Just Kidding!

OK, we’ve had some fun and you can decide how serious this all is. There are a couple of things you should know about the mountains—I mean since you’re coming to live here and all.


In really crappy cold weather, your black AR will not work as you might hope. This is because your city-like lube will be in trouble here in the mountains when it is like 0 degrees outside for nearly all of January and most of February—maybe even March and April, which will be better but really wet because it rains a lot in the mountains, but I digress. The rifle (personal experience and tested information from a very knowledgeable mountain man John Noveske) has proven the use of a medium/light oil on the bolt/carrier and action spring in cold weather.

When it does warm up (if you live through the mosquito hatch) and the weather becomes more moderate to even hot, (remember sunscreen at your new high-elevation home or you’ll turn into a lobster) now use light grease on the action spring/buffer and the same grease can be used on the bolt and carrier. Don’t confuse which lube for the correct time of the year, as the light grease will get real tacky and sluggish to a point of failure if it is real cold out. The cycle of operation will slow and it will fail.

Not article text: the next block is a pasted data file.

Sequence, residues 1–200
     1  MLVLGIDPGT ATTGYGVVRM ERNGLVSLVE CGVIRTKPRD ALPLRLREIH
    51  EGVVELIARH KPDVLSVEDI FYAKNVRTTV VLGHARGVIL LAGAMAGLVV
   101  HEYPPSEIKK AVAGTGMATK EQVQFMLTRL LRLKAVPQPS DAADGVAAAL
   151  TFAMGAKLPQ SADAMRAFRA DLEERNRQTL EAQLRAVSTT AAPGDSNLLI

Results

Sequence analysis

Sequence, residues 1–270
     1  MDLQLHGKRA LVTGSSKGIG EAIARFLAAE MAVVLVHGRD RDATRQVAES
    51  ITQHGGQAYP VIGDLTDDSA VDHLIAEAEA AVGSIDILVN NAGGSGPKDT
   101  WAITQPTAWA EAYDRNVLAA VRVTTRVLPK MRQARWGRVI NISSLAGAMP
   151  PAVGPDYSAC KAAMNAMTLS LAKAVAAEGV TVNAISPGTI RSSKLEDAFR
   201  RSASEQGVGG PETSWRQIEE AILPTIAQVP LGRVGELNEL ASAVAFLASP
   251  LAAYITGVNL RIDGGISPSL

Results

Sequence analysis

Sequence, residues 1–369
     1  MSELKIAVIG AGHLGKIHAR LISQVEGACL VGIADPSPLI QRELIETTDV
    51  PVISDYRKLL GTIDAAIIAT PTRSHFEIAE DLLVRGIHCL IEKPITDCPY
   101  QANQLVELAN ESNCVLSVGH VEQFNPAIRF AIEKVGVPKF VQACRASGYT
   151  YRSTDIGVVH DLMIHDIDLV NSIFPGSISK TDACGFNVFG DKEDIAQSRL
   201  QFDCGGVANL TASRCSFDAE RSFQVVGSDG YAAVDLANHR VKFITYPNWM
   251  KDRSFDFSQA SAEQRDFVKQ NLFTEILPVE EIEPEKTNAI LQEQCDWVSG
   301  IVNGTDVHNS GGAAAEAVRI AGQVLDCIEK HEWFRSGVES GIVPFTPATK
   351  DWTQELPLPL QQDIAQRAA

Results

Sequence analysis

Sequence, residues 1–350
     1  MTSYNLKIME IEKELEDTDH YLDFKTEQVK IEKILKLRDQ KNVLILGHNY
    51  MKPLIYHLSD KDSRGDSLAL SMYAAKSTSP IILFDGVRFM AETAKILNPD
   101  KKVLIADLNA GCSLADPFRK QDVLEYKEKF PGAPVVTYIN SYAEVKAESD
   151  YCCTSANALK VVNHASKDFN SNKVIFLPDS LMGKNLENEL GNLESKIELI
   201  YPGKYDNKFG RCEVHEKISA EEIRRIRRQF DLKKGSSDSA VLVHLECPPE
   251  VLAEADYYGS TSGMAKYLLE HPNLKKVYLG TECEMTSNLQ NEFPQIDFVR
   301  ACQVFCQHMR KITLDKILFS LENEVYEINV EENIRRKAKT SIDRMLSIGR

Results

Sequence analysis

The single biggest point is do not over lube your rifle. Many of the failures we see with the rifles are caused by over lubrication that gathers more crud, which in turn shuts down the rifle. Dry, clean magazines means taking the ammo out of the magazines regularly and cleaning them (don’t worry, you won’t have much else to do in the mountains except take care of your gear and hide… and try to stay warm… and try to find food… and find or make water… just subtle things).

For bolt-action rifles, keep the bolt, chamber area and where the lugs lock up clean and dry. On M1A-type systems light grease is always correct and if it gets cold I get almost all of it off the rifle. Truly the “little dab’ll do ya” is true on the rifle. AKs follow the same rules as the M1A-type rifles. On all of the above keep the magazines and ammunition as dry and clean as possible.